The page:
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America's Internet continues to grow, along with its infrastructure woes

Every day, across millions of homes in the United States, most Americans are happily surfing along with high-speed internet from one of two different providers: the cable company, or the phone company.  While most users have been relatively satisfied with the service itself, the industry as a whole has become fat and lazy: whereas American consumers are just now beginning to receive asymmetrical speeds of 10-20 Mbps, in many cases shared amongst their neighbors, Japanese consumers are surfing along at symmetrical connections of 100 Mbps.

In the United States, where most consumers get to choose service plans between two or three regional providers, customers in the UK – even far away from London – have a choice between 20 and 30 different providers, or more.
 
On top of suffering slow connection speeds, U.S. consumers face terrible customer support no matter who they turn to: whether it’s an AOL representative fighting for his bonus by preventing cancellations, Comcast technicians sleeping on a customers’ couch during a service call, or Verizon accidentally setting fires during FiOS installations, many consumers loathe having to actually interface with the companies they receive their service from.
 
Even the concept of Net Neutrality – something that many would argue as responsible for the internet’s freedom and success – has been continually under siege, with the latest attack coming from the Justice Department.
 
Although forays into metropolitan wireless networks have made and are making progress, the solutions these service options offer – even long-term plans with the newly-opening 700 MHz band – are too little too late. European and Asian web surfers will soon leave American consumers in the dust, every time.
 
Highlighting the recent state of affairs is an editorial that appeared Friday in The Huffington Post, titled “Our Internet Policy is a Disgrace: Here’s the Proof.” In it, writer Art Brodsky describes a surreal experience he had during a conversation with a vacationing couple hailing from the 233,000-strong city of Derby, UK:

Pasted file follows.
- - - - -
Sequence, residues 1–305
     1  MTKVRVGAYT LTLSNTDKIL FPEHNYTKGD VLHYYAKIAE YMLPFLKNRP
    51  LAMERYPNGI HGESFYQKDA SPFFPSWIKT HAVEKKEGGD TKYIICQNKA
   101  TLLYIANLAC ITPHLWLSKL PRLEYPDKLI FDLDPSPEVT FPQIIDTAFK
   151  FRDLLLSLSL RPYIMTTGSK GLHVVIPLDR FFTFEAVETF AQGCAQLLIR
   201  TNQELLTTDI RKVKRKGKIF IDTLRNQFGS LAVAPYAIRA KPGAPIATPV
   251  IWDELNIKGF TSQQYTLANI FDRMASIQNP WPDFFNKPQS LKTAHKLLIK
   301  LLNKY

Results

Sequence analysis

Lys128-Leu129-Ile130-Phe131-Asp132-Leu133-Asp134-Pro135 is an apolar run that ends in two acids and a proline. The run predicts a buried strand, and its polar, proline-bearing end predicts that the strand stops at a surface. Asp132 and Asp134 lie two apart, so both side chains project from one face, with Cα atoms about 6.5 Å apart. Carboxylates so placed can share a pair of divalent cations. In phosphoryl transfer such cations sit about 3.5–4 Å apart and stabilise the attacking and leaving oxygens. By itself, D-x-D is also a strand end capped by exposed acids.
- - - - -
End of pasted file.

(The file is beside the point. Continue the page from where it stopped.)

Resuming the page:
“This U.K. consumer did something not one U.S. consumer can do. This broadband consumer in the U.K. has so many options - 59 Internet Service Providers that he needed a spreadsheet to figure them out. Here in the U.S., a similar customer might have two - the telephone company and cable company.”
A comparable spreadsheet, made for Montgomery Country, Md., reveals a handful of plans available from two providers: Verizon and Comcast. Notably, the spreadsheet includes Verizon’s Fiber-to-the-Curb option, “FiOS,” and excludes any DSL service. In most urban and suburban areas in the United States, FiOS is simply unavailable, so one would replace the Verizon options on with whoever offers DSL.
 
Others have put together similar comparisons, writes Mr. Brodsky. Which?Magazine, a UK publication for consumers, published an evaluation similar to the Darby couple, listing 125 separate service plans from 25 different providers. Another website, ISPreview UK, lists about 200 different providers.
 
“It's time to start asking some pointed questions of policymakers, beginning with the House Telecommunications Subcommittee, a pivotal point for the development of telecommunications legislation and policy,” writes Mr. Brodsky. With a government that seems bought and paid for by the telcos, he advocates that it’s time for consumers to start taking matters into their own hands.

Brodsky adds, “You have to ask your member of Congress and your Senator, ‘Why don't we have the same choice for the Internet that people in England do?’ You have to ask what your representatives are going to do about this deplorable situation. And you have to keep on asking until there's an answer.”
 
Change won’t be easy, he warns, but without proper resistance from consumers the United States will continue to fall behind in broadband speed, proliferation, and policy: “The telephone and cable companies will spend millions to keep competition from flourishing. They will employ their in-house lobbyists and their contract lobbyists. They will deploy their fake support groups. They will trot out the racial and ethnic interest groups, which take the company money while betraying their constituencies. They will gin up dozens of papers from bought-and-paid-for academics and economists. They will contribute hundreds of thousands of dollars to Congressional supporters."

Brodsky closes, "If they lose in Congress, they will fight in the courts and through the underbrush of implementing the FCC rules implementing a law.”




"We’re Apple. We don’t wear suits. We don’t even own suits." -- Apple CEO Steve Jobs
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